From owner-labor-l@YORKU.CA Sat Nov 24 02:00:10 2001
Date: Sat, 24 Nov 2001 00:09:48 -0500
Sender: Forum on Labor in the Global Economy <LABOR-L@YORKU.CA>
From: Groucho Marx <grok@SPRINT.CA>
Subject: Creeping Coup d'Etat

By way of the CPC-ML's TMLDaily:

U.S. Military Occupation of Canada in the Works

TML Daily, no.211, 23 November 2001

As a second omnibus security bill was being tabled in the Canadian Parliament, news reports surfaced of two related events which help to shed light on what lies ahead.

Canada and the United States have agreed to launch a joint review of continental defence agreements with the aim of increasing military co-operation between the two countries, Art Eggleton, the Minister of Defence, said on November 21. The National Post reports that Ottawa agreed to open talks on ‘the widest possible’ level of military integration following a meeting this week between Mr. Eggleton and Donald Rumsfeld, the U.S. Defence Secretary.

According to Eggleton, The security environment in this country and the United States changed fundamentally on Sept. 11. We have to look at security within our own countries and—since we work in a co-operative way—security of the continent, the Post says. However, what neither he nor the media pointed out is that this meeting with his American counterpart took place because the Pentagon announced that it has decided to name a four-star general to coordinate troops used for defending the United States from attack. According to a report in the Washington Post, the Pentagon currently has regional commanders in chief responsible for Europe, the Pacific, Latin America, and the Middle East and South Asia, but has no corresponding post for managing the deployment of U.S. forces within the United States for homeland defense.

The issue is posed as one of rethinking of the Pentagon's command structure and force assignments in the aftermath of September 11. The Washington Post quoted unnamed sources who said that creating a domestic regional commander in chief would clarify the chain of command for troops being used for homeland defense. Much was said about the fact that Rumsfeld has yet to decide who the rose will be pinned on. But what emerges is that the military is being given a role in homeland defence and Canada is participating in these precedent-setting changes without bringing their significance to the attention of public opinion, let alone for its consent.

The U.S. military traditionally is not used for domestic security purposes. But the Sept. 11 attacks have thrust the U.S. military into such a role, with Air Force jets patrolling the skies above U.S. cities and National Guard troops protecting airports and bridges and assisting at border checkpoints, the Washington Post says matter-of-factly. National Guard troops last week began assisting in providing security at the U.S. Capitol, the Post adds.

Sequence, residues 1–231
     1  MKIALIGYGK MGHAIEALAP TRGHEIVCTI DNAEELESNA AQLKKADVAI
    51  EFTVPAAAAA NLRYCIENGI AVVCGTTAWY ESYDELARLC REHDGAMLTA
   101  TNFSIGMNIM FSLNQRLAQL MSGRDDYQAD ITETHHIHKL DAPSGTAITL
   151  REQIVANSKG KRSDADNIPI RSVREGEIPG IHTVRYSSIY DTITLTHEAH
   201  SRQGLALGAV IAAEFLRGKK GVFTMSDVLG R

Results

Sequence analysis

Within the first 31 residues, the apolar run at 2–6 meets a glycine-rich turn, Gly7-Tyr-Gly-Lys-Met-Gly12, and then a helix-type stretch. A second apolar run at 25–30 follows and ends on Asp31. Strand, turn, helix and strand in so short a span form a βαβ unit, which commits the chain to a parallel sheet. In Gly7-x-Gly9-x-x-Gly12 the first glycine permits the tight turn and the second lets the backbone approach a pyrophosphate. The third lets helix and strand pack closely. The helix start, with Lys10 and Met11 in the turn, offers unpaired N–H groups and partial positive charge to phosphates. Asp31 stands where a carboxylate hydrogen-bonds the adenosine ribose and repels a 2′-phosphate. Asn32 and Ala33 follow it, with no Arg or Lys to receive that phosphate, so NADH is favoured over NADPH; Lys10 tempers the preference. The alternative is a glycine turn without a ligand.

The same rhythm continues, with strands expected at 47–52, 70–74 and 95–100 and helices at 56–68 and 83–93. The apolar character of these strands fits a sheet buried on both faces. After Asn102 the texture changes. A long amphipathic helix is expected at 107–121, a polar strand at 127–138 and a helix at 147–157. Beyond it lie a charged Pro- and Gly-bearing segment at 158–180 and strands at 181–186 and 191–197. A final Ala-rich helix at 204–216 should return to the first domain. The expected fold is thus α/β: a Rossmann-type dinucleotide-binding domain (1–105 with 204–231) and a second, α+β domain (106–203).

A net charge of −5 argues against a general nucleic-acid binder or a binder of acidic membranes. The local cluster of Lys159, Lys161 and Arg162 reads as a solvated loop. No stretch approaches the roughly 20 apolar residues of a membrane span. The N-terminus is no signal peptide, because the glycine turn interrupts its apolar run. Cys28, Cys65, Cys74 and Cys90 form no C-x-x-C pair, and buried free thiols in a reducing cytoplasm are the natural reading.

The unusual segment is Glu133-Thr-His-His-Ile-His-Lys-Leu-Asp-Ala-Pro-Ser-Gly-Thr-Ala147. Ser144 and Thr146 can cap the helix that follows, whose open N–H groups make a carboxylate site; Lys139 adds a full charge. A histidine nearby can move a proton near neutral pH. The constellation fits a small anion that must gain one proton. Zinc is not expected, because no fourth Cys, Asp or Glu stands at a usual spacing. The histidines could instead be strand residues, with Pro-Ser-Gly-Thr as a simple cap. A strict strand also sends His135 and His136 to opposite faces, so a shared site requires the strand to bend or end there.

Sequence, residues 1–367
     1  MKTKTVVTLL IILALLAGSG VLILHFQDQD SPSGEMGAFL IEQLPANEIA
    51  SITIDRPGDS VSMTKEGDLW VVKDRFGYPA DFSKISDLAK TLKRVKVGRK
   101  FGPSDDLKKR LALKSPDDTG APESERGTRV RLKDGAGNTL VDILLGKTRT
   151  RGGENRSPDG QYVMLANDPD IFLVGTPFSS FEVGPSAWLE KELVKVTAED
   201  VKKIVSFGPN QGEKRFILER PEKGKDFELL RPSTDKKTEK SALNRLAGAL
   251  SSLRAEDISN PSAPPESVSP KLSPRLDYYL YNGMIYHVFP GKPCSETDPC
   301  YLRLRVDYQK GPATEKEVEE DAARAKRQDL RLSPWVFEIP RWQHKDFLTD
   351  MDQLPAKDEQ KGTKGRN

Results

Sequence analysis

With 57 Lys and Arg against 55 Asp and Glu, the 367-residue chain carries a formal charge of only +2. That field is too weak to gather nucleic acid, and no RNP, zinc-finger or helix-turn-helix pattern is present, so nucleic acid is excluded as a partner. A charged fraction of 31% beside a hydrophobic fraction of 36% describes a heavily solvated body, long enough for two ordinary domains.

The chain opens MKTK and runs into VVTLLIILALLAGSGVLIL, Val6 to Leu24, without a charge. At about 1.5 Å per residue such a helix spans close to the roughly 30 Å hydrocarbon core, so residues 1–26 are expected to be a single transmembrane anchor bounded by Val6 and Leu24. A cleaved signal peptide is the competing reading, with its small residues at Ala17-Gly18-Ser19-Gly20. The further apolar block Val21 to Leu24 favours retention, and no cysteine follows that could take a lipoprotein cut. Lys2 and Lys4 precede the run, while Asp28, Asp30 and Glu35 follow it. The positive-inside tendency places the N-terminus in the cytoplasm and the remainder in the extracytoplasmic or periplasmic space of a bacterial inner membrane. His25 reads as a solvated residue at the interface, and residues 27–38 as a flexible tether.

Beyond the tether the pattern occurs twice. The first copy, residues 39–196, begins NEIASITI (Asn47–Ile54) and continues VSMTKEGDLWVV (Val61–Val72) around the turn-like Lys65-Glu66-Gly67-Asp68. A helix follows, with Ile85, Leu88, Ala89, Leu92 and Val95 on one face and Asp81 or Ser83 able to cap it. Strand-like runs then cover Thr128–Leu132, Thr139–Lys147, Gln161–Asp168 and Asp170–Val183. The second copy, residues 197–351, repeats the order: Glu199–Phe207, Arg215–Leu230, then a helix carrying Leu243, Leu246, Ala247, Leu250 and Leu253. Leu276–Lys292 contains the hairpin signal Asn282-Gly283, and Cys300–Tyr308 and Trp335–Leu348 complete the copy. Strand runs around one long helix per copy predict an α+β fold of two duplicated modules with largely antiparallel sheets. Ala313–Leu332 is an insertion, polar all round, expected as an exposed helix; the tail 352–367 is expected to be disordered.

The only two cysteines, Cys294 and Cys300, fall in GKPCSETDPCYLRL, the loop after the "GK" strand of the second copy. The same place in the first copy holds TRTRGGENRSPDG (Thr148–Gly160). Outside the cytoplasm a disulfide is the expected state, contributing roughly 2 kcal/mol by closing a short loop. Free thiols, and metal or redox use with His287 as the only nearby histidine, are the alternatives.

As if permitting the military to occupy the United States is business as usual, the newspaper said officials are considering restructuring an existing command already headquartered within the United States to take up the homeland defence role. The two possibilities mentioned are the North American Aerospace Defense Command (NORAD) in Colorado and the Joint Forces Command in Virginia.

It is interesting that the second omnibus bill tabled in the Canadian Parliament was expected on Wednesday but officials said it was not ready. It then appeared on Thursday and contains measures to amend the Defence Act to provide for the creation of temporary military security zones to protect Canadian Forces and visiting forces personnel and equipment that are located off of National Defence establishments.

When Eggleton announced that Canada and the U.S. agreed to launch a joint review of continental defence agreements with the aim of increasing military co-operation between the two countries, the Pentagon decision was not mentioned. Eggleton said that The first mission of the Canadian Forces is the defence of Canada and Canadians. The second is the defence of the continent together with the United States ... So we'll be looking at areas of co-operation in the widest possible area.

The National Post informs us that Canada and the United States already co-operate on continental security through the North American Aerospace Defence Command (NORAD), established in 1958 to defend North American airspace. Canada has tripled the number of CF-18 fighters assigned to NORAD from four to 12 since Sept. 11. The review will include some 80 treaties and 250 memorandums of understanding that govern the security arrangements between Canada and the United States.

According to the National Post, Mr. Eggleton hinted at the creation of a sweeping continental security defence system that includes all arms of the military, but refused to say whether Canada and the United States are considering full integration of army battalions or task groups.

I'm not going to speculate on the outcome of this, other than to say that we are out to improve the relationship and the safety and security of the people of two countries and our continent, Eggleton said.

Canadians, who vigorously opposed the testing of American Cruise Missiles in Canada, are now facing the possibility of not only the U.S. military occupation of the United States but also of Canada. The omnibus bills are indeed legacy legislation. The urgency of discussing what they will mean for Canadians and of categorically opposing them cannot but be given top priority.